The cognitive overload a driver experiences while in the car can be overwhelming. Between devices that navigate, entertain and connect us it can be difficult to concentrate on the road. Current GPS systems offer visual and auditory feedback to the driver. But in some situations it's not always easy to hear and understand directions while keeping your eyes on the road. AT&T Labs researchers are working to integrate tactile feedback into your drive.
How did the Idea Hatch?
AT&T's "It Can Wait" campaign to encourage drivers to avoid texting while driving got researcher Kevin Li thinking about driver safety. He considered different ways to reduce the cognitive overload that driver's experience. In an increasingly mobile world, our senses of sound and sight are already heavily overloaded. From previous research exploring how to utilize the tactile channel for information delivery, Li realized it made sense to offload some information to our underutilized senses of touch. He began conversations with other researchers who have investigated automotive interface simulators. Once Li started to explore potential collaboration opportunities he began working with Anind Dey, an Associate Professor in the Human-Computer Interaction Institute at Carnegie Mellon University and SeungJun Kim, the postdoc working with Dey. Previously, Dey had worked on evaluating new automotive interfaces simulators with one of his post docs at Carnegie Mellon. In addition, the collaboration efforts that led to a prototype of the haptics-enhanced steering wheel involved Jodi Forlizzi, also from Carnegie Mellon University.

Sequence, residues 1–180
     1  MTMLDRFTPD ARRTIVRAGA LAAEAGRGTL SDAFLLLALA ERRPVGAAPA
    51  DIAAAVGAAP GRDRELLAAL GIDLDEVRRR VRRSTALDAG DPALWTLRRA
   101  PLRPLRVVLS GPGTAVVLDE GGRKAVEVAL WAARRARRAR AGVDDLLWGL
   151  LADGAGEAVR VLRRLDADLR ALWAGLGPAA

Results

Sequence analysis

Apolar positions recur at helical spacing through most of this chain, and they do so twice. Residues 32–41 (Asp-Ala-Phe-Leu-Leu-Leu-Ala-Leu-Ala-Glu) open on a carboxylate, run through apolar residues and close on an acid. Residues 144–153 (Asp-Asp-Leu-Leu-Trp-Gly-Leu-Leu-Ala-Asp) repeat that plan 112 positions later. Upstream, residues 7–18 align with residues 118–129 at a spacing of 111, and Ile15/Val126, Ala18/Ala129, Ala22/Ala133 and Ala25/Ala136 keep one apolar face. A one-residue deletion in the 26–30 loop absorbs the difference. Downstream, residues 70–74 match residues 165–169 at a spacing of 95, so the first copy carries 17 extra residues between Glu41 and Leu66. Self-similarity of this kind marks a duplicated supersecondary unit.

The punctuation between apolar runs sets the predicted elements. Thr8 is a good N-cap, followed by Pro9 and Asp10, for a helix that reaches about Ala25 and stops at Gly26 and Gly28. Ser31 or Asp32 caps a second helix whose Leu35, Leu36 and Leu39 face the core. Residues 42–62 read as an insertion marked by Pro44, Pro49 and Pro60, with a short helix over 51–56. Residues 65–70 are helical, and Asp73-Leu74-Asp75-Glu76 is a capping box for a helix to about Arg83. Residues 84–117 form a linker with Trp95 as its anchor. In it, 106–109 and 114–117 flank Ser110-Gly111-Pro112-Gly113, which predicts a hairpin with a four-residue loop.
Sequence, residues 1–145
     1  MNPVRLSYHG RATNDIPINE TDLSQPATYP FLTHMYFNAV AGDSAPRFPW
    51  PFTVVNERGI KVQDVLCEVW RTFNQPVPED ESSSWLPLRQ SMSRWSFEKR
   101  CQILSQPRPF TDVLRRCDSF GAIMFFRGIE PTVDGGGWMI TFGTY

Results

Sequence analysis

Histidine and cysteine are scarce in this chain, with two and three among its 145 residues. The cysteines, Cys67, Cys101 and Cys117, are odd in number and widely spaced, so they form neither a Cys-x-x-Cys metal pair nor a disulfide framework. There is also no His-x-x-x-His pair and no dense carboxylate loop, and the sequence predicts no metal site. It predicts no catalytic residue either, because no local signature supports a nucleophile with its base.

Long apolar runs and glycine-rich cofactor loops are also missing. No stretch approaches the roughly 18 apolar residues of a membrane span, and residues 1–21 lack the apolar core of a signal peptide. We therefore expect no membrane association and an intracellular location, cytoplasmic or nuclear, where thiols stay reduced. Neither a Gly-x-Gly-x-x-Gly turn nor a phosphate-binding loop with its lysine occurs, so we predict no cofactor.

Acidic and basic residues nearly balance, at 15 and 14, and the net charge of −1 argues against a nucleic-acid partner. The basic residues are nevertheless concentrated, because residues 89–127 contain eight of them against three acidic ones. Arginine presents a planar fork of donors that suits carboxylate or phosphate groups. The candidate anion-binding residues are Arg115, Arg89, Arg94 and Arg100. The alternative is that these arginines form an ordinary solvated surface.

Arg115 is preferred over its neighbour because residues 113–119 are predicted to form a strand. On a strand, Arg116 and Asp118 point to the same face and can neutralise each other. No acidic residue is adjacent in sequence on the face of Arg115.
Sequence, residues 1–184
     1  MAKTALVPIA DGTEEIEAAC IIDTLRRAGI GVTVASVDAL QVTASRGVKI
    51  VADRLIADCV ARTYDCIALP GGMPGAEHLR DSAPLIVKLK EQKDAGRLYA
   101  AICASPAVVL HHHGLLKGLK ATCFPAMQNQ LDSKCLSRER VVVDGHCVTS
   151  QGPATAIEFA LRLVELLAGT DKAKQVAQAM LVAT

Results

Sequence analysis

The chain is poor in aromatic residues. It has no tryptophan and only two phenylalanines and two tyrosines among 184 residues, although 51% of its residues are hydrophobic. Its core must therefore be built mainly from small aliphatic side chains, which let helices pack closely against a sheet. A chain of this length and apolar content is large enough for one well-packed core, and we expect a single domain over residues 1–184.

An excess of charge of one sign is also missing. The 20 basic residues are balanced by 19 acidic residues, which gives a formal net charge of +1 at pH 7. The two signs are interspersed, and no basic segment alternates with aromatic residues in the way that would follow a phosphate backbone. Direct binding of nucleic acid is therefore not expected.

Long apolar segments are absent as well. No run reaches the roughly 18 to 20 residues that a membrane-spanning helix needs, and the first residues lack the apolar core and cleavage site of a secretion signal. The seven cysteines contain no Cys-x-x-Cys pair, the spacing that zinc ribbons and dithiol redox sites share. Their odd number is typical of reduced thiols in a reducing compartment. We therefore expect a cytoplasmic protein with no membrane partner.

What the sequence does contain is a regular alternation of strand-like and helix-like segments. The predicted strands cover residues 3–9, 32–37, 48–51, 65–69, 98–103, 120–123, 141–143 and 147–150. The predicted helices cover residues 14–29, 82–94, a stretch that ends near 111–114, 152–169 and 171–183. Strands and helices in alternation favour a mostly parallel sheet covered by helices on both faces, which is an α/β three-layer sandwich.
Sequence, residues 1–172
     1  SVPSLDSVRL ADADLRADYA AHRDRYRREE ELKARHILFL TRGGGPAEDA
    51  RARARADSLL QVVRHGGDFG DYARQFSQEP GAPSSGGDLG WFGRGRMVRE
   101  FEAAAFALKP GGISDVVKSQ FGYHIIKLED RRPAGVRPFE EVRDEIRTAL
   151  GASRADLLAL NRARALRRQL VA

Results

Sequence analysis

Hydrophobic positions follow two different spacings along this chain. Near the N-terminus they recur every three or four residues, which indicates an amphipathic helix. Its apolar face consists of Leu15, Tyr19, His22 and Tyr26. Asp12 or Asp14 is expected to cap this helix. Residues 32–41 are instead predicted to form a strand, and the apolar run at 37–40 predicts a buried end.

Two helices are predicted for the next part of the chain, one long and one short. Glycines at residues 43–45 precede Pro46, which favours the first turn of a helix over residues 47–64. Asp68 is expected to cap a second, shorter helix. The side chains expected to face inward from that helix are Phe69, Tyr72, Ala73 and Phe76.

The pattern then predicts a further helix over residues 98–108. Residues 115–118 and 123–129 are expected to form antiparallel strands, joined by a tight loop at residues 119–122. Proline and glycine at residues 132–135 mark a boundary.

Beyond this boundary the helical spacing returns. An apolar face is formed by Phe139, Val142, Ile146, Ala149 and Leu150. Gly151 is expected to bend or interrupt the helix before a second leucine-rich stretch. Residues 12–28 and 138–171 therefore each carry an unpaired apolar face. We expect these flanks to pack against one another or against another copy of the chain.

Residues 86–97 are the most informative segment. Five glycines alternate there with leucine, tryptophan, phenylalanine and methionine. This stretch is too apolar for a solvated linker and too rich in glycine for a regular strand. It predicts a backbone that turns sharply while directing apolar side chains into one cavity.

About the Project
The work and research resulted in AT&T creating a Haptics-enhanced Steering Wheel for navigation purposes. For example, when it's time to turn left, the left side of your steering wheel will produce a series of vibrations going counterclockwise. The wheel has 20 actuators that can vibrate in any pattern to indicate directions. This helps remove the distraction that typical navigation screens can cause. Initial research shows that it works well and that it's less distracting for drivers. When different types of vibrations are applied to deliver more information, it can help us to understand what our connected devices are trying to tell us — without looking.
The haptics teams at AT&T Labs are also looking at an array of connected wearable devices that will alert users with tactile cues. These devices don't just include phones, but accessories that might be attached to the phone via Bluetooth. For example, they have patented concepts for a connected earring that would vibrate when a message is waiting on the smartphone in your purse or pocket. And, it could vibrate in different ways to give you more information about the type of message including who it's from or whether it's urgent.
Work continues with collaborators at Carnegie Mellon University on using tactile feedback in the steering wheel to convey more complex information beyond single directional cues. One problem they are currently hoping to tackle is looking at how to provide overview information, not just next turn directions.
About the Researcher
Kevin Li is a Researcher at AT&T Labs, working on new and innovative ways of interacting with mobile devices. Li is also an Adjunct Professor in the Department of Computer Science at Columbia University. His research encompasses mobile computing, novel interaction techniques and Ubiquitous Computing and Human Computer Interaction. Li received his PhD in Computer Engineering from University of California, San Diego and his BS in Electrical Engineering and Computer Science from University of California, Berkeley.